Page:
Many of today's middle-aged and young people face the prospect of never owning a house, as a study warns that home ownership rates could drop below half in some parts of New Zealand within 20 years.
The research - the first long-term regional analysis by age using 2013 census data - shows home ownership rates in some regional household types have plunged by more than 40 percentage points since ownership peaked at 73.8 per cent in 1991.
It traces ownership rates by age group, showing for example that the home ownership rate for Aucklanders born in 1961-66 peaked at 65.3 per cent in 2006, when they were aged 40 to 44, and slipped back slightly to 64.6 per cent by 2013, when they were aged 45 to 49.
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That points to much lower home ownership rates in future as today's retired generation - who still have much higher home ownership rates - pass on.
"Historically across the region, on average, once the key earners in a household are over 40 years of age, the average rate of ownership within the cohort is unlikely to change significantly," the study says.
"If this trend continues, it suggests a significantly lower rate of ownership in Auckland [in future]."
The study projects home ownership will drop by 2026 to 59.6 per cent nationally, 56.9 per cent in Auckland and just 52.7 per cent in Gisborne.
"If these trends continue, regional home ownership rates of less than 50 per cent in two decades are possible."
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AUT University student president April Pokino, 20, said she did not think she would ever own a house.
"I don't feel like our age bracket has had the chance of owning a house, or even getting their first job. It's too expensive to live here any more in Auckland," she said.
"The view is that it's Australia that has everything. It's a lot cheaper over there, there's great jobs and a really good income over there, so a lot of people are just graduating and moving overseas."
Glenfield self-employed house-painter Wayne Morgan, 57, and his wife Krong, 45, were refused a home loan from their bank several years ago because Mr Morgan's income was too variable, and have now lost hope because the average North Shore home price has jumped to $893,000 but Mr Morgan has had to cut his working hours to 25 to 30 a week.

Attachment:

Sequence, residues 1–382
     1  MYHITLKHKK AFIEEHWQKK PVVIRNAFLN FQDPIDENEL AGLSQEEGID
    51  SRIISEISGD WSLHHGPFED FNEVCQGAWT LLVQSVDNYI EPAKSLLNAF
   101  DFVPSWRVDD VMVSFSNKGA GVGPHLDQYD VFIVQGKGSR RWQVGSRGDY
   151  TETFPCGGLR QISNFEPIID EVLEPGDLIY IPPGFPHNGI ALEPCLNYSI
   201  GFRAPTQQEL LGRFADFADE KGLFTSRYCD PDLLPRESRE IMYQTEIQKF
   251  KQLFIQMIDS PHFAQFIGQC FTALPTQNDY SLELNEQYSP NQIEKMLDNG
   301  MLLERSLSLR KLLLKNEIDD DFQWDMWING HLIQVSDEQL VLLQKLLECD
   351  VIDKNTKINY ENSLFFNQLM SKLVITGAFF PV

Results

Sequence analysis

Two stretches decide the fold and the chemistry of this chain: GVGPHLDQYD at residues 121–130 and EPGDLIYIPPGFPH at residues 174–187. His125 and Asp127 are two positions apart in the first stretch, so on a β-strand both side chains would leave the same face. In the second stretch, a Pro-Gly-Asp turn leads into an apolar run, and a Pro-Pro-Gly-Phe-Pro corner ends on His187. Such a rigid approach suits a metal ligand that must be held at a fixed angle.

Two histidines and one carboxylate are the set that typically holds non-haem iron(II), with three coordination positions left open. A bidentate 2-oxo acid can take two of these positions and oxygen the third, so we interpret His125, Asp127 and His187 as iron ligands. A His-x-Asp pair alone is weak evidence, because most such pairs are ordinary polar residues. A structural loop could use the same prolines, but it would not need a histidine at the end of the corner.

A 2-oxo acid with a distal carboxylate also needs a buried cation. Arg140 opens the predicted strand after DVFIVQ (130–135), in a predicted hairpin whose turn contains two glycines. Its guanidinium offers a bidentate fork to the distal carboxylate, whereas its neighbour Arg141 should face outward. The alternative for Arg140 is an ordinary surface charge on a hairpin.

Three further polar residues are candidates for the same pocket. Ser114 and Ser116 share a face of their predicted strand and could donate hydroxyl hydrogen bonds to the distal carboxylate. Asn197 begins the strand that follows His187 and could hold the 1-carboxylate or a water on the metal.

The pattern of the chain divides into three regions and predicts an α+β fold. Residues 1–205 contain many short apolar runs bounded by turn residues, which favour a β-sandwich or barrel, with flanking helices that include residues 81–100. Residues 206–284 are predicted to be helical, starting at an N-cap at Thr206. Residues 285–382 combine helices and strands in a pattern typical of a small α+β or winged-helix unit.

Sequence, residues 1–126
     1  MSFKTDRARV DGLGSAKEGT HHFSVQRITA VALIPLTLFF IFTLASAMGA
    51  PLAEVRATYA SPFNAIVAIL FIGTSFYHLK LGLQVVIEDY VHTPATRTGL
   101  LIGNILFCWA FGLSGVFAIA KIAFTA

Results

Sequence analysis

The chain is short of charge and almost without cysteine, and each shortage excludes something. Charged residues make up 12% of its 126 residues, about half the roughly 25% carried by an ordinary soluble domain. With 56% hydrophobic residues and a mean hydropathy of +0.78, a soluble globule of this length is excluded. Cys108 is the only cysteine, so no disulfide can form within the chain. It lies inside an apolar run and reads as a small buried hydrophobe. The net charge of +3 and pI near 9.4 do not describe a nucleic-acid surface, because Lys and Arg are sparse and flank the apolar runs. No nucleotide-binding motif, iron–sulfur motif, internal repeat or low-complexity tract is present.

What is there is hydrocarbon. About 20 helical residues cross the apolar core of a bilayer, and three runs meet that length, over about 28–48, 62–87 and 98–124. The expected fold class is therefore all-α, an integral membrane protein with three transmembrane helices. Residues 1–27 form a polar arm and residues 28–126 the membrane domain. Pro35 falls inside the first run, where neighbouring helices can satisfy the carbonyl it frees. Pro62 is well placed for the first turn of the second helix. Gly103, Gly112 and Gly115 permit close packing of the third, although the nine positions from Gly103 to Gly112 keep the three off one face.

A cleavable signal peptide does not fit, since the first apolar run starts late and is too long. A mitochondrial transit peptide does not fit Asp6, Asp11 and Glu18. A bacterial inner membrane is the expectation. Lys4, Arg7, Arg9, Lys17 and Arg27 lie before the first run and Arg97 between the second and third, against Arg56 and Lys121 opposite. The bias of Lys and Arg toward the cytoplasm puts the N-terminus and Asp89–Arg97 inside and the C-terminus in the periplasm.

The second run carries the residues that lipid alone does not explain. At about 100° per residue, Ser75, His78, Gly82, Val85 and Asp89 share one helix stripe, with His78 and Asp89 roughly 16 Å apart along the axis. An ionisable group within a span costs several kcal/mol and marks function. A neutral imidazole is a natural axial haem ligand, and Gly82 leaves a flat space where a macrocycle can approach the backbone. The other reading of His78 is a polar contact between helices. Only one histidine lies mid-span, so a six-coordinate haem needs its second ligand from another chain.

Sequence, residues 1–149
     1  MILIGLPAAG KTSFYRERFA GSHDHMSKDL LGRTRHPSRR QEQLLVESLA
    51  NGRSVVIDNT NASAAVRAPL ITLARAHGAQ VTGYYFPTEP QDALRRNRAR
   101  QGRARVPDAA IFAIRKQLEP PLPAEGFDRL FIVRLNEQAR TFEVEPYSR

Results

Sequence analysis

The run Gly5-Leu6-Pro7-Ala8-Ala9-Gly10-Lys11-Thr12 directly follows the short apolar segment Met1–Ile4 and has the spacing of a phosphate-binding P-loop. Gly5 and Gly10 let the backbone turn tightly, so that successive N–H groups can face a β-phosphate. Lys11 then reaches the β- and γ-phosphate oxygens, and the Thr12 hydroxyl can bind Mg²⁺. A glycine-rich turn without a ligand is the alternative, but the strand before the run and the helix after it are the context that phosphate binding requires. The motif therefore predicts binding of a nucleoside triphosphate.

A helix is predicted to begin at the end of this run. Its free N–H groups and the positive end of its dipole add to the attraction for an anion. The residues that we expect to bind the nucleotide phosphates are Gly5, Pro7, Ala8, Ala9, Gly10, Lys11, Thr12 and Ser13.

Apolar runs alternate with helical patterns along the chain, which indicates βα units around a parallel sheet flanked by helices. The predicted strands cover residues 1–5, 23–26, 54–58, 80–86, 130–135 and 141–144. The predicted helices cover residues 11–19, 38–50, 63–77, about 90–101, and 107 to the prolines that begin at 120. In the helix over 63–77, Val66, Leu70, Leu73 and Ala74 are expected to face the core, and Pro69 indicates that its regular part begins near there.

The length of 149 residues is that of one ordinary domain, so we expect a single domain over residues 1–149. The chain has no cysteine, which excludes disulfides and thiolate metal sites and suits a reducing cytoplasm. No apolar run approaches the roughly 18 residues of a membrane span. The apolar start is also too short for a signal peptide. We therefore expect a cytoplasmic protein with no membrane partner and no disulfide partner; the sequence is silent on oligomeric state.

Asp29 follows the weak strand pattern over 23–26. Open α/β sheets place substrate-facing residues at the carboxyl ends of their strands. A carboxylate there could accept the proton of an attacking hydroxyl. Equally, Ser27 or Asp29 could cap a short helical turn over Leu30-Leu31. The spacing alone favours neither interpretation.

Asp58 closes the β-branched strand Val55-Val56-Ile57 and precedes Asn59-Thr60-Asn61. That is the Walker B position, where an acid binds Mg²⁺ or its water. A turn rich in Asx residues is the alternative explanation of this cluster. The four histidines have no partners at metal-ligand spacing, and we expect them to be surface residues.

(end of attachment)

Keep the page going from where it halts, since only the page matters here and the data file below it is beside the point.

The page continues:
House-painter Wayne Morgan and wife Krong, a caregiver, rent their home. "Our future is rather bleak," he says. Photo / Brett Phibbs
He suffers back problems and needs to be home after school for their son Patrick, 13, while Mrs Morgan works late shifts as a fulltime caregiver.
"We missed the boat," Mr Morgan said. "I was actually thinking of going to Australia, but I think things are just the same over there."
The family pay rent of $490 a week for a three-bedroom house out of a combined income that dropped below $35,000 last year, when Mr Morgan had to take time off with his back trouble.
"When I think about it, our future is rather bleak," he said. "I just think about when I pass away; what is going to be left for Krong and Patrick?"
The study author, Wellington housing researcher Ian Mitchell, said the biggest challenge would come when today's middle-aged and younger workers reached retirement still renting.
"When you look at the households that are most stressed going forward, it's actually rental households aged 65 and over," he said. "They are most likely to be spending up to 40 per cent or more of their household income just to pay the rent, which means they haven't got much left for other expenses."
Mr Mitchell said the home ownership decline was partly because young people were taking longer to marry and have children. The median age of mothers giving birth has risen from 25 in the 1970s to 30, and the median age of buying a first house in Auckland has risen from 25-29 in 1986 to 35-39 today.
But his data shows that the decline is not just delayed home ownership, because Aucklanders who still don't own a house by age 45-49 have doubled from 17.5 per cent in 1986 to 35.4 per cent.
Nationally, the biggest home ownership declines were for sole-parent households. In the Bay of Plenty, sole-parent home ownership at ages 30-34 collapsed from 60 per cent in 1991 to 17 per cent.
Mr Mitchell said he did a similar study after the last census in 2006 and other experts said his projections for future declines were too pessimistic.
"As it turned out, I was being too optimistic," he said.
"The decline between 2006 and 2013 was higher than I was projecting. At that stage it looked as if there was a catchup, that people were simply delaying home ownership by several years. But that doesn't seem to have flowed through between 2006 and 2013."
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